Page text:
The Council has also been engaged on a European level since the EU unit was established in 2019 through monitoring and influencing relevant EU processes and leading the EU-Sámi Youth Idea Lab, a project which raises awareness about Sámi youth participation in EU initiatives and policies.
“Despite being the only recognised Indigenous Peoples in Europe, very few Europeans are aware of the Sámi, and there is still a long way to go in terms of realising our rights in our respective nation states. Cases like the illegal wind industry on Sámi reindeer herding land on Fosen peninsula in Norway, and Finland’s failure of securing Sámi rights to self-determination through the Sámi Parliament Act have sparked national and international debates. Regrettably, media coverage of any case involving Sámi topics often brings out a lot of hate and racism towards the Sámi on social media. It’s a clear indication of the challenges still ahead, and why we need a strong Sámi civil society.” said Anja Márjá Nystø Keskitalo, advisor at the Saami Council.
SPECIAL COMMENDATION: Hungarian Teachers’ Movement
The ECF Selection Committee decided to award a special commendation to the protest movement composed of teachers, students, and parents fighting for public education in Hungary**.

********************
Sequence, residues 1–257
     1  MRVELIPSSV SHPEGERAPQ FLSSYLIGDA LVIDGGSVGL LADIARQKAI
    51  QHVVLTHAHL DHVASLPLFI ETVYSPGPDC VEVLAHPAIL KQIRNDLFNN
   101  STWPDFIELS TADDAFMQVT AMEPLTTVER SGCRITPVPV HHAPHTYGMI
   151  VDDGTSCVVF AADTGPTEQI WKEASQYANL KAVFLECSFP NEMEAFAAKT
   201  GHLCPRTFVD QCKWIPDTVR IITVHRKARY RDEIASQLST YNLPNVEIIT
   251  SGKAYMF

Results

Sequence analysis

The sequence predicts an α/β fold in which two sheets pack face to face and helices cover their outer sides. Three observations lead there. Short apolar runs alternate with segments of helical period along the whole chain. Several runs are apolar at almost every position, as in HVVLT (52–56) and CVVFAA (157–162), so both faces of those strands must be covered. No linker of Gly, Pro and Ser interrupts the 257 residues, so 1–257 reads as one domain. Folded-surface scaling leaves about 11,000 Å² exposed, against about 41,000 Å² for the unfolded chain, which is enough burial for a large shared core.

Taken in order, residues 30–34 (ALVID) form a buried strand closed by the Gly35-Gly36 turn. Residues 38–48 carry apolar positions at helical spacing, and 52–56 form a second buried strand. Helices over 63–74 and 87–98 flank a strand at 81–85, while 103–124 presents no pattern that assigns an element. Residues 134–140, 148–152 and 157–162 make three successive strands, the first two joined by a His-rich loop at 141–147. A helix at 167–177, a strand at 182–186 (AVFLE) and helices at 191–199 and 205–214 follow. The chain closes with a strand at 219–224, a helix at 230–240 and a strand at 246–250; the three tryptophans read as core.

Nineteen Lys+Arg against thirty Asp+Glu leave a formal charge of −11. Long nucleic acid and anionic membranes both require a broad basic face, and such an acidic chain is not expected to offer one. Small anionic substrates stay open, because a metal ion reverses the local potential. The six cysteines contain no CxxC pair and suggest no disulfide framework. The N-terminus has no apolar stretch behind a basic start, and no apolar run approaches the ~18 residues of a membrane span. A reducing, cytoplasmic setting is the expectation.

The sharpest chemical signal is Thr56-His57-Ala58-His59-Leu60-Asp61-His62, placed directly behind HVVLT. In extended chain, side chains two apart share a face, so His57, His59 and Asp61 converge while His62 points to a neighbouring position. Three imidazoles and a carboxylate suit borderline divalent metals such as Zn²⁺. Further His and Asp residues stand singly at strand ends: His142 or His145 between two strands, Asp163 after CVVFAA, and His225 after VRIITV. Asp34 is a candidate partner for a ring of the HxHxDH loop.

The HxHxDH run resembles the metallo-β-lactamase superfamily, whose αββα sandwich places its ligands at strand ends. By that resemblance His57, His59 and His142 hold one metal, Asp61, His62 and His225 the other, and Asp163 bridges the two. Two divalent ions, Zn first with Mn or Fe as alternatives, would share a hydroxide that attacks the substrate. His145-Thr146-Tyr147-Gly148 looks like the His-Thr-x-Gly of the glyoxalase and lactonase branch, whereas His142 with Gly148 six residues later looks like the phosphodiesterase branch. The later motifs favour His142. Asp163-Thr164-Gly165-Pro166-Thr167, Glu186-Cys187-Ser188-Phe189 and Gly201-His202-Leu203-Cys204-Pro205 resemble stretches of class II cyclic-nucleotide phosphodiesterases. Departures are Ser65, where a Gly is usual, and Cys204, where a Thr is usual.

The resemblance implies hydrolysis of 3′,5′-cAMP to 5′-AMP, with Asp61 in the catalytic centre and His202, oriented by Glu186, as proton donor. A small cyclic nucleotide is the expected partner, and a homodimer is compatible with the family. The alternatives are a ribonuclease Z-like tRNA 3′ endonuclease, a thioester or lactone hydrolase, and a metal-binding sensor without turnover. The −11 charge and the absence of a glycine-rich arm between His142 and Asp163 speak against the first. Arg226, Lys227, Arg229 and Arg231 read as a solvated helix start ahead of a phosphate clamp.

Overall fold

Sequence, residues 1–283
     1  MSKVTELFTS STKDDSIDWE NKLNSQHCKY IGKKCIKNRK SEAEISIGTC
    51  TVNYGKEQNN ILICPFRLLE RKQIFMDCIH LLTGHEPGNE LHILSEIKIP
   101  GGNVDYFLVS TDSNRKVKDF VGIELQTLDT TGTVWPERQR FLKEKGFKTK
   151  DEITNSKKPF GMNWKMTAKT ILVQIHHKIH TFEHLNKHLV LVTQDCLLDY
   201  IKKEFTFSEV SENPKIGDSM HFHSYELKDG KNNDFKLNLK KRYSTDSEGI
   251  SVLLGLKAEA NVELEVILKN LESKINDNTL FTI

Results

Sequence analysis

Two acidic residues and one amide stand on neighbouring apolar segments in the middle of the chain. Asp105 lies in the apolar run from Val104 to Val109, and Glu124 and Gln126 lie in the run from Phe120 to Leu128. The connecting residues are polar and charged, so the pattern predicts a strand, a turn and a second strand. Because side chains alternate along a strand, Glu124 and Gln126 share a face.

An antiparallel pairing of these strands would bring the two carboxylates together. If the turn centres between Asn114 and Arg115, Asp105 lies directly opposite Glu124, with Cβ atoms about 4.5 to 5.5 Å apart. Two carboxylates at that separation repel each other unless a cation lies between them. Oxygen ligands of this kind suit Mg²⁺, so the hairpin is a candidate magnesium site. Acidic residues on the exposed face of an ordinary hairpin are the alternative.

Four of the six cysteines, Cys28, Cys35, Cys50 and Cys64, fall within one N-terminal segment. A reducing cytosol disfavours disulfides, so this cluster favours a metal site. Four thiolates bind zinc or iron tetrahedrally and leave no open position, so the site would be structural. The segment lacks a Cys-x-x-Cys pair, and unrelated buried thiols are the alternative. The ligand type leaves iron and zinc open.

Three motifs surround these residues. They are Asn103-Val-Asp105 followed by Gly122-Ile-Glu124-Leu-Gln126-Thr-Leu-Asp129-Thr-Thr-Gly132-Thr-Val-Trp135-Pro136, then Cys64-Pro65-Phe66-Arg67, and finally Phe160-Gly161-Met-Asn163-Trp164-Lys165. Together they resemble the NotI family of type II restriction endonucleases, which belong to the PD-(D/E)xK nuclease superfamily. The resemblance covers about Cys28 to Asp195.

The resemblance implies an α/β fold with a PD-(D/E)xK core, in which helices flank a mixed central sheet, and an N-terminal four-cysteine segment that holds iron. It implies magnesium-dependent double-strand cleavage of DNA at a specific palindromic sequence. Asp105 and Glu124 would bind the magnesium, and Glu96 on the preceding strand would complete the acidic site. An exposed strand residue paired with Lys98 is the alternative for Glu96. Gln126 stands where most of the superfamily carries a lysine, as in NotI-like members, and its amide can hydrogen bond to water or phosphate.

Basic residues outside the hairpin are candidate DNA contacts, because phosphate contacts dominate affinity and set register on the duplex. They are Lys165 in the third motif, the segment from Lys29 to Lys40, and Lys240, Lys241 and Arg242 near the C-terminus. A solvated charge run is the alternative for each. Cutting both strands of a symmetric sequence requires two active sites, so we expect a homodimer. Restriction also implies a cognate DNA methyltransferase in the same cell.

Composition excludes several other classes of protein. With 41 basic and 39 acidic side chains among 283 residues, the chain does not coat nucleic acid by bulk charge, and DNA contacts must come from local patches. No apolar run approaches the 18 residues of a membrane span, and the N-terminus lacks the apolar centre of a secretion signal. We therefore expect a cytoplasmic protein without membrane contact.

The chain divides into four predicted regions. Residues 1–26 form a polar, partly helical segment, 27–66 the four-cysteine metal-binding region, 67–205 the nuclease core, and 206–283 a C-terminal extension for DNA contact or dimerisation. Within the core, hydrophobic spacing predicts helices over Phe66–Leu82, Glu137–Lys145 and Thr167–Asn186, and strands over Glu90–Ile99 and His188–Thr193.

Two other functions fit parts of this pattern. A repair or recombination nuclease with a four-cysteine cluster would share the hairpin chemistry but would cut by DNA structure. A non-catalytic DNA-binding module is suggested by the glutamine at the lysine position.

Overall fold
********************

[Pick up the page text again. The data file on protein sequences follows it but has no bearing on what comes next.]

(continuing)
Despite the restrictions faced, the protest movement composed of teachers, students, and parents has been fighting for public education for several years. Their demands include better salaries, improvement in working conditions, autonomy in the national curriculum, open and constructive discourse in public education, the right to strike without limitations, and access to high quality education for all. Several teachers have been fired for participating in civil disobedience but students and parents have joined the protests in their support.
Teachers continue to face new restrictions. In July, the Public Education Act, also known as the status law, was passed by the government. The law, dubbed by teachers as a ‘vengeance law’ in retaliation for their strike action, decreases the teachers’ freedom to work autonomously and their right to strike.